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This Week in History: October 23-29

Shootout at the O.K. Corral: A classic story of the American West.

By:  |  October 25, 2022  |    1150 Words
GettyImages-804460446 Dodge City Peace Commission

Wyatt Earp (second left) (Photo by Historica Graphica Collection/Heritage Images/Getty Images)

Study history, study history. In history lies all the secrets of statecraft.” ~ Winston Churchill

The shootout at the O.K. Corral in Tombstone, Arizona, is one of America’s greatest Wild West stories. Movies have been made about the event, including Tombstone in the 1990s. Wyatt Earp and “Doc” Holliday are some of the most well-known historical Americans today due to a shootout that lasted just 30 seconds.

In many versions of the story, the Earps and Doc Holliday are painted as the heroes while the “Cowboys” including the Clanton brothers, are considered the bad guys. But in reality, neither side was free from mischief and bad deeds.

Leading up to the Shootout

Before moving to the town of Tombstone, Wyatt Earp had been a police officer, a lawman. He moved to Arizona to mine for silver, bringing his brothers Virgil and Morgan with him. Virgil became the town’s marshal. But the brothers also had other businesses, including running saloons.

The “Cowboys,” as the other gang was called, consisted of the Clanton and the McLaury brothers. They were known thieves and often participated in cattle rustling, stealing the animals and selling them to other ranchers or for beef.

When an ordinance made it illegal to carry guns within the town’s limits, the Cowboys became upset – they never went anywhere without their weapons. They threatened to disobey the law and were said to wear them anyway.

On October 25, 1881, Ike Clanton (a Cowboy) and Doc Holliday had a disagreement in a saloon, and even though the fight was broken up, Clanton continued to make threats against Doc and the Earps. He was reportedly wearing several guns.

Virgil, as the marshal, disarmed Ike and then took him before a judge, where he was fined for breaking the city ordinance. Threats and disregard for the rule continued until the men met at the Old Kindersley Corral (O.K. Corral), and the infamous shootout happened. Three of the Cowboys died and the others ran away. The Earp brothers and Doc Holliday were arrested for murder, but the judge dropped the charges and said they were within their rights to defend themselves.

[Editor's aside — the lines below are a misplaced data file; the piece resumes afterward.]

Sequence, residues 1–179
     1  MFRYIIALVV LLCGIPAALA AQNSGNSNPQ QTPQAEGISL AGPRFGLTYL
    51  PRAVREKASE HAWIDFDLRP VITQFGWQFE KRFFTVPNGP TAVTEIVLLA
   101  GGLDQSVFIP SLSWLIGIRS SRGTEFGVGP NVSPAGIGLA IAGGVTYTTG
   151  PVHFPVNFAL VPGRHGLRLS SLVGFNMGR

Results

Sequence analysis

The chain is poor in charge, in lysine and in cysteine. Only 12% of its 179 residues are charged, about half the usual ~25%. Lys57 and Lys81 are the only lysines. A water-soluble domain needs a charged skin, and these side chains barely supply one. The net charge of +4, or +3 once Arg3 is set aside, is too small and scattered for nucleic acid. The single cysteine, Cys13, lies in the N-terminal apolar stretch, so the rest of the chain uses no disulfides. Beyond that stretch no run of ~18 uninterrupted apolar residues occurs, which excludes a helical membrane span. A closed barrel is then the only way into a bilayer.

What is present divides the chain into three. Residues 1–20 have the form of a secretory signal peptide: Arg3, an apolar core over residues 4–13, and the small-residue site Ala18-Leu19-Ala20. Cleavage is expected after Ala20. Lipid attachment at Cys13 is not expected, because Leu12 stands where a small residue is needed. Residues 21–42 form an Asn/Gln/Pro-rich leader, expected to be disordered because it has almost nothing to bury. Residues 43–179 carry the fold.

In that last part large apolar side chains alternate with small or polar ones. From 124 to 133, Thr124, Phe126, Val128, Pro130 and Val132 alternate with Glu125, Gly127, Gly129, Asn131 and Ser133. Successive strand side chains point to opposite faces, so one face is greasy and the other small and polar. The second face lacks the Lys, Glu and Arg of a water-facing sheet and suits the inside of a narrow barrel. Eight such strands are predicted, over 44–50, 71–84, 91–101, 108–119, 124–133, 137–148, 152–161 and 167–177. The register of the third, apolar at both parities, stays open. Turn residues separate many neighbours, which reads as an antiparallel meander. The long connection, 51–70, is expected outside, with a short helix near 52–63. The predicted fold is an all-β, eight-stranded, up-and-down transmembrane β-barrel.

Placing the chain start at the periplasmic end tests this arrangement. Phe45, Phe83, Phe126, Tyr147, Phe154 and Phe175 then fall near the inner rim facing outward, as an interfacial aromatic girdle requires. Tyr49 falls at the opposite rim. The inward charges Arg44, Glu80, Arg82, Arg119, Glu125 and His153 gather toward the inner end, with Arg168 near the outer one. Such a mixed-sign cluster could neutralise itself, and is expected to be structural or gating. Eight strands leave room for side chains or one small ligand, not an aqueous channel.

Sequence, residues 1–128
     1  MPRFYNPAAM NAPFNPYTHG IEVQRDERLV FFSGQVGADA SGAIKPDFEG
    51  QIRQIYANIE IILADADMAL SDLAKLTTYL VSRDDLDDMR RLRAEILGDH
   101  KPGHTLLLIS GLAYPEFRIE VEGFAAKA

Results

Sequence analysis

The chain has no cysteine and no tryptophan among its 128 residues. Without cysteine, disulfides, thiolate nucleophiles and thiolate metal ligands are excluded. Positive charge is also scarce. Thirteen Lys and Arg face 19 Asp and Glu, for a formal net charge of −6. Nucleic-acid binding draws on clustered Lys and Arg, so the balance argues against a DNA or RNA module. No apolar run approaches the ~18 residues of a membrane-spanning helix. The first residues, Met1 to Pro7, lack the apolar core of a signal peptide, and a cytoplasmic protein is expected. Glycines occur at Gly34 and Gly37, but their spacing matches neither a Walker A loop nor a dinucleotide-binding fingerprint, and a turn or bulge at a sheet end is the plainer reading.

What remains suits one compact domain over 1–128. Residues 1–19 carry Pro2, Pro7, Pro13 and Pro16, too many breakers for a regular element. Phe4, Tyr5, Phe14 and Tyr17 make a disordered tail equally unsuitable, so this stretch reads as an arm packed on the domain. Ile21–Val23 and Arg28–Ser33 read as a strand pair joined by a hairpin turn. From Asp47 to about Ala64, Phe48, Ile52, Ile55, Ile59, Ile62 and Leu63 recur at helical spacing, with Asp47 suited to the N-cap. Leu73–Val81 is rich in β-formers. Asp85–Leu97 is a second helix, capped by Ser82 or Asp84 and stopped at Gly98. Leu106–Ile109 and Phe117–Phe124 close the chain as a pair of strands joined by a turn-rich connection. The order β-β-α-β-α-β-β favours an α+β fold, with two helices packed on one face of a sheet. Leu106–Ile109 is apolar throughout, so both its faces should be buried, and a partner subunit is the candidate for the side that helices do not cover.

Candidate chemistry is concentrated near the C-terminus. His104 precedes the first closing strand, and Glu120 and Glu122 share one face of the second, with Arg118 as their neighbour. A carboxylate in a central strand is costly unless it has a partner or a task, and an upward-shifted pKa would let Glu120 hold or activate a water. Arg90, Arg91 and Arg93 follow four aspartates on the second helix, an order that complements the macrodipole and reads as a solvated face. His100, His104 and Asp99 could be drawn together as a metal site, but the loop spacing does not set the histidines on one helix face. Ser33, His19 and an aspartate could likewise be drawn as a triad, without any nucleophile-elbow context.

Other Notable History Mentions

October 23, 1956: Students and workers started a Hungarian uprising when they demonstrated in Budapest against Communist rule.

October 23, 1983: During the Lebanese Civil War, terrorists drove into the US and French peacekeeping headquarters in Beirut. They had a truckload of TNT, which exploded, killing 58 French paratroopers and 241 US Marines.

October 23, 1989: Hungary declared itself a republic.

October 23, 1990: After students protested, Prime Minister Vitaly Masol of Ukraine became the first Soviet official of that rank to quit because of public pressure.

October 24, 1861: The first transcontinental telegram was sent, from California’s Chief Justice Stephen J. Field in San Francisco to President Abraham Lincoln in Washington.

October 24, 1922: The Irish Parliament voted for an Irish Free State to be adopted into the Constitution. This ended the Irish War of Independence against the British.

October 24, 1929: “Black Thursday” happened at the New York Stock Exchange. People started panic selling nearly 13 million shares. The day was part of the Wall Street Crash that signaled the start of the Great Depression. “Black Tuesday” happened five days later and saw 16 million shares sold.

October 24, 1931: Al Capone, known as “Scarface,” a Chicago gangster, was sentenced to 11 years in jail for tax evasion. He was later transferred to Alcatraz in San Francisco.

October 24, 1945: The United Nations was founded.